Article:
Digital creators are about to have access to more powerful image editing capabilities at the tip of their fingers with the new introduction of generative AI into Photoshop software.

Adobe Photoshop, which has been the software standard in many creative industries, will be getting its own flagship AI software for editing images.

The new AI integration will feature some new capabilities one of which was showcased in a demonstration by Adobe Vice President of Digital Imaging Maria Yap, in which she seamlessly integrates a dog's portrait into a larger background with the prompt "spring trees with sunshine"

Adobe launches Firefly, its own generative AI tool
Adobe has announced the launch of an artificial intelligence tool called Firefly that will let users type commands to quickly generate text and images, according to a blog post published Tuesday. Developed using hundreds of millions of photos, the first Firefly model is designed to generate images…

The new feature called “Generative Fill” will allow users to extend an original image that was cropped in too closely with computer-generated content, or add features based on a text description. This essentially brings what could be an hour-long editing process of scouring photo archives and manually stitching together images down to just minutes.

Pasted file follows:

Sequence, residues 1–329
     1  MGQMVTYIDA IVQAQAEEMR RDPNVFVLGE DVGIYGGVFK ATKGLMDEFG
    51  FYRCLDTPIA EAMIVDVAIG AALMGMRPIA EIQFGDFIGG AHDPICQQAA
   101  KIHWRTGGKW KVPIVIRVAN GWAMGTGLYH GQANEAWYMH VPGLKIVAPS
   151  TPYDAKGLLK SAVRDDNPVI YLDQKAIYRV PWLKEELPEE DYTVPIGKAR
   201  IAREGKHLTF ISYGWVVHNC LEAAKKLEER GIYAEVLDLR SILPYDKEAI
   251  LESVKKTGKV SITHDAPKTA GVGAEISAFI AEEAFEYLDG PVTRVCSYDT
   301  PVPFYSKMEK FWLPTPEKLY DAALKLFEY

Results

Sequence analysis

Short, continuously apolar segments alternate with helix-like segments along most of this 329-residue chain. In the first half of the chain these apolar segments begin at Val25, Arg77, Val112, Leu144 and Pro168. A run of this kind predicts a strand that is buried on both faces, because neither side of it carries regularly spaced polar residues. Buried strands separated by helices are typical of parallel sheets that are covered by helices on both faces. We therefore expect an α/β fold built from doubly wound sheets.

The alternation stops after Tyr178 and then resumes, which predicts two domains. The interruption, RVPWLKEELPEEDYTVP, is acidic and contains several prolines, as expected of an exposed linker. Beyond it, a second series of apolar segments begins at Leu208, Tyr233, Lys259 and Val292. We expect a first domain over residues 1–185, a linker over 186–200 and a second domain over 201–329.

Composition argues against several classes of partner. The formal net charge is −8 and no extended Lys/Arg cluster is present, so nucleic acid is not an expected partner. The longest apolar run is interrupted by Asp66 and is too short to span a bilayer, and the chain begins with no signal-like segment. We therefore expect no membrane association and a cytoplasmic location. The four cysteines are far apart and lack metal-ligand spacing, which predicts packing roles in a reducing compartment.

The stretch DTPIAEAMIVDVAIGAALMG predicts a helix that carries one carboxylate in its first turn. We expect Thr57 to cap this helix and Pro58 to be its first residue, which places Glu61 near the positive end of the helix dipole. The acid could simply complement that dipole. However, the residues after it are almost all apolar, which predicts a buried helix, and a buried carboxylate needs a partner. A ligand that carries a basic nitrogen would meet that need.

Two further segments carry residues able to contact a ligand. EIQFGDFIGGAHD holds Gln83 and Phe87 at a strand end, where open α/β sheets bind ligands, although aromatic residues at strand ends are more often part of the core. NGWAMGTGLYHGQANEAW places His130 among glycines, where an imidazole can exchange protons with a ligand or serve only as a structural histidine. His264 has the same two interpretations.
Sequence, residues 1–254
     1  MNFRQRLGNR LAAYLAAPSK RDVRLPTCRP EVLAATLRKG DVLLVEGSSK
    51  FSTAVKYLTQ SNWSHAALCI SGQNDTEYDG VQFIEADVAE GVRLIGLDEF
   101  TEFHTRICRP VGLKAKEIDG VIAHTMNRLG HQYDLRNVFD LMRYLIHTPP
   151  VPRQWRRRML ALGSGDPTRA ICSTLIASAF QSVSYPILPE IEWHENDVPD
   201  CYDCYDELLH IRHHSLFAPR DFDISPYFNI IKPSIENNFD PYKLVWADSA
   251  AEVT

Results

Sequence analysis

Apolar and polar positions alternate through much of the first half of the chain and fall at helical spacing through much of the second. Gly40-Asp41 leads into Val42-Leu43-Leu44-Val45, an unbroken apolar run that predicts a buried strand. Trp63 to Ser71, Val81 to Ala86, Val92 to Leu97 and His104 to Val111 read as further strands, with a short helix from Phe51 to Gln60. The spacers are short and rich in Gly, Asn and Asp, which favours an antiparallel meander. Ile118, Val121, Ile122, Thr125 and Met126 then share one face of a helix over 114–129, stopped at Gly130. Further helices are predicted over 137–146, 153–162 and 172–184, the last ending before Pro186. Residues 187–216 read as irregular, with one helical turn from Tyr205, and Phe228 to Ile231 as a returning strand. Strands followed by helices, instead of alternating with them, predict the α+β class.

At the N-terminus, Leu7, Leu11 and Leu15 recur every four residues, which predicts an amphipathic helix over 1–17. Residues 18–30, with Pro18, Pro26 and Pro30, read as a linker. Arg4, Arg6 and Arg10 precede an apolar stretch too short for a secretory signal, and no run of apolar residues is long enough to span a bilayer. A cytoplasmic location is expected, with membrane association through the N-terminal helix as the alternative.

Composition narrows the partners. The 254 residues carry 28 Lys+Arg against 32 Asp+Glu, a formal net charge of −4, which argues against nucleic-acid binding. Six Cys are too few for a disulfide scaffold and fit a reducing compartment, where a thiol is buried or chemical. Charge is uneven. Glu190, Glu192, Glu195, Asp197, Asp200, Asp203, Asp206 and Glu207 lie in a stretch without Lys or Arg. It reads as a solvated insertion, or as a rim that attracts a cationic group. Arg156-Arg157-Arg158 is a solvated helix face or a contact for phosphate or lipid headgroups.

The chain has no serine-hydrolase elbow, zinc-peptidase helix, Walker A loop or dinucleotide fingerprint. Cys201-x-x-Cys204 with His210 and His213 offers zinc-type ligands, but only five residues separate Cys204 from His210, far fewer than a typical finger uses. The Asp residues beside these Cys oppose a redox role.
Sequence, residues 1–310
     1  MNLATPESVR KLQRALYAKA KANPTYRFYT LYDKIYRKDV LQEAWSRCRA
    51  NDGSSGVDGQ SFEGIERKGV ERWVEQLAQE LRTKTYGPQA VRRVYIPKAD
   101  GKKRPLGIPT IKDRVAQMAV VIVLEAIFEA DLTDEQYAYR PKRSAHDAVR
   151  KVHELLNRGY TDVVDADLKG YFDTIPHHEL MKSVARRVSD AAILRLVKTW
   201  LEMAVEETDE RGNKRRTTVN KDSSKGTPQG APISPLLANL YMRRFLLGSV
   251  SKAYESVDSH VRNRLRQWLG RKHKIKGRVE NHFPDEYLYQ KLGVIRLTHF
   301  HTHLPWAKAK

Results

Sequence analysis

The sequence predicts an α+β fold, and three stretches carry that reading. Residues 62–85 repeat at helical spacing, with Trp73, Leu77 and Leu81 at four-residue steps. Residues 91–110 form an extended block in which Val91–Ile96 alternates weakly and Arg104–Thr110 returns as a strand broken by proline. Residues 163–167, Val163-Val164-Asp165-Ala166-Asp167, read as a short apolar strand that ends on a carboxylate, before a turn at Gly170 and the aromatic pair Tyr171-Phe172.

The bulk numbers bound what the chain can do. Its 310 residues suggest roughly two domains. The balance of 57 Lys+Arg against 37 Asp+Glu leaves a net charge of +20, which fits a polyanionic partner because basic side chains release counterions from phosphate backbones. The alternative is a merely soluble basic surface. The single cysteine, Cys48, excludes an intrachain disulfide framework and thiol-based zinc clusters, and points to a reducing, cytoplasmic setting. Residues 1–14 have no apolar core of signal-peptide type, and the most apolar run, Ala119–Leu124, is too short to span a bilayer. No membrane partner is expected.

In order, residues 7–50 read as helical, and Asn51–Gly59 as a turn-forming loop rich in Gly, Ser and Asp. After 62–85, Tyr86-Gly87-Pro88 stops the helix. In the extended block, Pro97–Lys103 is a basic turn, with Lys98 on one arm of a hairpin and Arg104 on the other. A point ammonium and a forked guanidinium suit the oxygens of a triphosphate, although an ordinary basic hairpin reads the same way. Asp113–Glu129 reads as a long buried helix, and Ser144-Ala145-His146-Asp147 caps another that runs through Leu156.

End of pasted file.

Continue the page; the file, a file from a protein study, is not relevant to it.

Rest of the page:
Adobe had previously released a similar generative AI tool called Firefly but has been testing the system for some weeks as a standalone website. Now, the software company says it will add features based on it to Photoshop.

While this might be the cause of excitement for some creators, some industry experts worry that Photoshop development will cut out certain workers from creative agencies and brands as the technology becomes easier for anyone to use, while some worry about the ethical and legal concerns about artists' work being stolen to train the AI.

To address the latter, Adobe says it is rolling out some safeguards along with the new version of Photoshop, including a free, open-source tool called Content Credentials, which allows creators to attach labels to an image’s metadata verifying whether an image has been altered by AI.